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Originally Posted by 18Montclair View Post
yup.

commuting by transit can be more convenient but not necessarily faster.

True. Sometimes I actually pick the express bus that takes LONGER to get to work than the train, just because it picks me up right near my condo's door and drops off a street away from work. I am at the beginning of the route, and I can get any seat I want. Either sleep, read, gaze out the window, listen to music. It's always very comfortable and very quiet.


I chuckle at some people who rely solely on cars who think public transit is only for poor people who just can't afford a car. I suppose in some cities where everyone tends to drive this is true because they have completely inefficient public transit. In other cities with good services though, it's easily chosen by many very high class people.

My express bus is packed with about 80 people every morning, and I've never once seen a homeless person on the bus. It seems it's all the same, white people, many in suits, most at least in shirts and dress pants, 20-50 years old. I actually love public transit to catch a view of all the hotties.
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Old 03-21-2009, 02:23 PM
 
Location: roaming gnome
12,390 posts, read 25,645,091 times
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There is only one public transit based city, that is NYC.

If you mean, what cities you can live in without a car... then there are a handful, but that is a different question and they won't be correct answers.
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Old 03-21-2009, 02:28 PM
 
Location: roaming gnome
12,390 posts, read 25,645,091 times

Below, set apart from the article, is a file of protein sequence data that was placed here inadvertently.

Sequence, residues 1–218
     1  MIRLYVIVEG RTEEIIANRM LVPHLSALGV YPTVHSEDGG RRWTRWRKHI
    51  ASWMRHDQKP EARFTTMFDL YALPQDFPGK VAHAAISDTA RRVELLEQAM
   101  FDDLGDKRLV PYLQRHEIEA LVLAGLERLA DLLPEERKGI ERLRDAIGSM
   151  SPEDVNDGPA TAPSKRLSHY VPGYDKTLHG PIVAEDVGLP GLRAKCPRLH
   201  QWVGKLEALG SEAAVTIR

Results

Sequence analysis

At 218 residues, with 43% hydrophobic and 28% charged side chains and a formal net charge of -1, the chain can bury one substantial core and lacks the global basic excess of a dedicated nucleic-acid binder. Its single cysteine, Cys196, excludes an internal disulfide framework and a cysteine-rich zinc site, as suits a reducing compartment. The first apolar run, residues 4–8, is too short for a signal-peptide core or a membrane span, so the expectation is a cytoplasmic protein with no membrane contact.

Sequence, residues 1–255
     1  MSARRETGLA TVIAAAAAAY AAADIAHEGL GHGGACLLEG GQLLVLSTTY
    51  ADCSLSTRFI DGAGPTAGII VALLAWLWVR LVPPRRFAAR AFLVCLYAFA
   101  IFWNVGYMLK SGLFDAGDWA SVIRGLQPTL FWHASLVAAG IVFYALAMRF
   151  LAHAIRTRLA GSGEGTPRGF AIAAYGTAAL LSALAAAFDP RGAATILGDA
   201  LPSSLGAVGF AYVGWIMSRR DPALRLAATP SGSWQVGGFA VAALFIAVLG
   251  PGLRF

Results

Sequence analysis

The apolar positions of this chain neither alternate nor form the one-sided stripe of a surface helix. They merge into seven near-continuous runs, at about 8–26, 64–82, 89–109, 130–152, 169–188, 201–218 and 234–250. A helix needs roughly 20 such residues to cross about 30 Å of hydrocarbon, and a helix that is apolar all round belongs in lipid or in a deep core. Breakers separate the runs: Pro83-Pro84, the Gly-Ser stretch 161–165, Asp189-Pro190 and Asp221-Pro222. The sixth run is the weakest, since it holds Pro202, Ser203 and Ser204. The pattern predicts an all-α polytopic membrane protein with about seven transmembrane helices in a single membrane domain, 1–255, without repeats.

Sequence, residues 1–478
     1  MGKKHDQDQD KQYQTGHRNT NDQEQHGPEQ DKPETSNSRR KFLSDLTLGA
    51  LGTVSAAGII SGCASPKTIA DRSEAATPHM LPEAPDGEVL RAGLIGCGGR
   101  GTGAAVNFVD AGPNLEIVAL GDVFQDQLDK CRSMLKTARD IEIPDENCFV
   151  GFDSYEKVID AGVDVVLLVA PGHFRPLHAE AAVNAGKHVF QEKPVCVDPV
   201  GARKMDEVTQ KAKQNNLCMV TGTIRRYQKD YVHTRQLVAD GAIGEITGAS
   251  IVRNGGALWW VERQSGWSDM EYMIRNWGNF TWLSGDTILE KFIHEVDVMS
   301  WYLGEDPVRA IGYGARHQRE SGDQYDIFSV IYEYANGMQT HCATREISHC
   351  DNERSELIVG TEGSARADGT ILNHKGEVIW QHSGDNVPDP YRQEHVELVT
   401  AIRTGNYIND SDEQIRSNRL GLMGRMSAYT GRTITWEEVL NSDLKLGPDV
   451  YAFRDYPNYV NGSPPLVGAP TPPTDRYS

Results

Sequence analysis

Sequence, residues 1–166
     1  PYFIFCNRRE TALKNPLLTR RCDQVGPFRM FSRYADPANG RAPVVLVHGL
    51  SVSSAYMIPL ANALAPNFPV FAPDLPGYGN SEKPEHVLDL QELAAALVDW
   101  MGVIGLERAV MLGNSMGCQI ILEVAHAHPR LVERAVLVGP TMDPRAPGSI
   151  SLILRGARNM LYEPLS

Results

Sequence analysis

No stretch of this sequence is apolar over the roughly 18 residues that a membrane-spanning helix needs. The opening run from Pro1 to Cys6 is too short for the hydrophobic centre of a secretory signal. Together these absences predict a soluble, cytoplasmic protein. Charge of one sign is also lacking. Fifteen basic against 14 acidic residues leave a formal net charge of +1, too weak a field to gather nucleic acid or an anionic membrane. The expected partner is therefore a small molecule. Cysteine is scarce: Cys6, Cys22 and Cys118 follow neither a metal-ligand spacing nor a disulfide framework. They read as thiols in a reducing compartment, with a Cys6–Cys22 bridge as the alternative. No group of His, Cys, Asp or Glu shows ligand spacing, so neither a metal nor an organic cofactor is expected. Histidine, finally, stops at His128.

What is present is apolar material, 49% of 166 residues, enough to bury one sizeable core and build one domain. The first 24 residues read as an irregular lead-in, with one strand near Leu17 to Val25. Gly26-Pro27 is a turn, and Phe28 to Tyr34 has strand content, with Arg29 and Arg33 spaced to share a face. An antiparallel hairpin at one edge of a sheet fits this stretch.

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Originally Posted by NYC1DAY View Post
good post. i prefer public transportation.

it actually saves you money. you dont have the $600.00 car payment a month, the $75.00 car insurance payment a month and gas prices that sometimes go out of control

however, if you rely on good public transportation then you are going to pay the price in real estate when buying a place. so its a personal preference
Good post, not only that is you KNOW the exact price you are going to pay. Insurance and gas are going to keep fluctuating. You can sign a lease and at least have that price locked in for a year. For people on a tight budget public trans is the better option. This is also pretty good for all amenities place where electric and heat cable internet are included in the rent. You know what you are paying and don't have to worry about an unexpected bill. My experience has been a few unexpected bills is going to be higher than paying a slightly higher fee for all the amenities. This also goes for the budget plan on say a heating bill.
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Old 03-21-2009, 02:54 PM
 
Location: Concrete jungle where dreams are made of.
8,900 posts, read 13,941,234 times
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I don't have a car and take the bus/subway. I can afford a car, but choose not to have one since I would rarely use it. I pay about $75 a month for my 24/7 unlimited use metrocard, when I would be paying just over $100 a month in car insurance, plus $10 round trip for the bridge I would need to take to work.
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Old 03-21-2009, 03:06 PM
 
Location: Piedmont, CA/São Paulo, Brazil
33,754 posts, read 58,192,129 times
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The only reason I used to drive into DT San Francisco is because I had a dedicated parking spot in our building's garage-otherwise, I usually caught BART or carpooled.